Keep track of the situation and what everyone’s doing with simple logs
Crisis logs are often seen as a burden but they can make the leader and team much more effective, if done right. They are important for a number of reasons:
They make the crisis team more effective by making it clear what has been done and what still needs to be done. This clarity translates into speedy action by the team and helps the crisis manager and team leaders maintain good control.
They act as a chronological record of the events, which allow team members to develop a common understanding of the situation (often called a common operating picture) and work towards common goals.
They make it easier to produce written and verbal briefings for management, media, new members etc.
They can allow the executive or strategic oversight team to monitor how the crisis is developing.
They serve as an important legal records.
They are essential for post-crisis evaluations.
TYPE AND NUMBER OF LOGS
There are many different ways to design your logs. Some organisations use one "master log" that combines information, decisions and tasks; however this produces a document that is difficult to read (and sort) and makes tracking assigned and completed tasks more difficult than it needs to be. An easier way is to have 2 logs: one that captures information on the situation and one that logs all the actions of the crisis team.
The situation log: This is a record of all information the team receives on the situation, recorded in chronological order. Basically, any info the team gets goes here. This log is used to keep everyone updated on the general situation and to produce verbal and written situation briefings. It can also be projected on a screen for everyone to see. If you’re using the 4Q meeting technique, the information log is updated during question round 1.
The action log: This is the team's to-do list. It is a record of all assigned and completed tasks. This helps the leader and team to easily track all their actions and decisions. It can be easily projected on a screen for everyone to see. If you’re using the 4Q meeting technique, the action log is updated during question round 3 and 4.
Organise the log in a way that feels comfortable and useful for the note-taker, leader and team (yes all three). Of course, this should be done ahead of time. Keep in mind that the note-taker must be able to use the log easily during meetings without falling behind so avoid the temptation to include too many columns or make it overly fancy. Here’s an example:
Headings: Date | Local Time | Subject | Information | Provided by | Received by |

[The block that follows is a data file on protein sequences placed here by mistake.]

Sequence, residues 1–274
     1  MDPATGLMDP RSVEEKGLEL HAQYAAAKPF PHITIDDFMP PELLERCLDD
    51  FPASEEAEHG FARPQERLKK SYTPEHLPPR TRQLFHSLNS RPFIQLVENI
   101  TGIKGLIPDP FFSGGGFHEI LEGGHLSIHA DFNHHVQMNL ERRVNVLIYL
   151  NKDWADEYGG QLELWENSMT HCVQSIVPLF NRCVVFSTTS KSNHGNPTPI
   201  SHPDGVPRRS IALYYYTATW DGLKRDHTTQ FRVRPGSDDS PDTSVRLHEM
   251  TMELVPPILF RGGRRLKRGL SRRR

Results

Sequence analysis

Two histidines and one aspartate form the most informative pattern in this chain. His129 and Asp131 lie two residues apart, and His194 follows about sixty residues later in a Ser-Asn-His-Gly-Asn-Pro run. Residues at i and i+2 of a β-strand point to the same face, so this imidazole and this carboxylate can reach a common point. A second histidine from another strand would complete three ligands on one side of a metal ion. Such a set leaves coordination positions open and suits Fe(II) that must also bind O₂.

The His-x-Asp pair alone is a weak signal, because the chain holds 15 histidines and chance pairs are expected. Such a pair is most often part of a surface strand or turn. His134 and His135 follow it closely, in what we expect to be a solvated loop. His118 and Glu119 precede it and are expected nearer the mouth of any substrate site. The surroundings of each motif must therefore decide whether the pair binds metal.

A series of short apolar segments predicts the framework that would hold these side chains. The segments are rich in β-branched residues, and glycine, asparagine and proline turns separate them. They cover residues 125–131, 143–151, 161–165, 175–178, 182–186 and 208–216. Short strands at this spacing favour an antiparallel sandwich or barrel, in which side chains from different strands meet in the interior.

Example: 01/02/2018 | 14:00 | Status of Joe S | Joe S found at Aker Hospital | Seb H | Mary T |
Headings: Date | Local Time | Action | Assigned to | Assigned by | Deadline | Completed?
Example: 01/02/2018 | 14:10 | Call wife of Joe S to update her on his condition and location | Seb H | Liz A | 14:30 | No
FORMAT AND TECHNOLOGY
Crisis management software is increasingly common but most organisations still rely on Word and Excel. If you’re not using special software consider using a shared document such as Google Docs or Office 365. Both allow for simultaneous writing/editing but Google Docs is free. Multiple people can modify the logs at the same time without creating “version conflicts”. Google Docs has a number of useful security settings that can limit downloading, printing, sharing, and remove users that no longer need access.
QUALITY AND DETAIL
You want logs that are short and easy to read. Think bullet points, not detailed meeting minutes. Use simple language and avoid acronyms. If you receive a lot of information at the same time, break it down into several easy-to-read entries. For the situation log, record only facts and events that have occurred and avoid writing down projections and assumptions (since this leads to blurry logs and can have legal ramifications in a lawsuit). The Team Leader or someone senior on the team should review and correct the log every day to ensure its accuracy.
A trained, skilled and empowered notetaker makes everyone's work much easier in a crisis. They must be familiar with the organisation (and it’s acronyms), know exactly how to use the logs and how to provide/control access (if using shared docs), and confident enough to raise questions and discrepancies with the leader and team members. Being at the core of the info management system, this person is often one of the first persons to spot information gaps and overdue/forgotten tasks on the to-do list. Like all core team members, it’s a key position that should be staffed appropriately.
Have any tips or what approach works best for you? Please share in the comments below so that we can learn from one another. Thanks!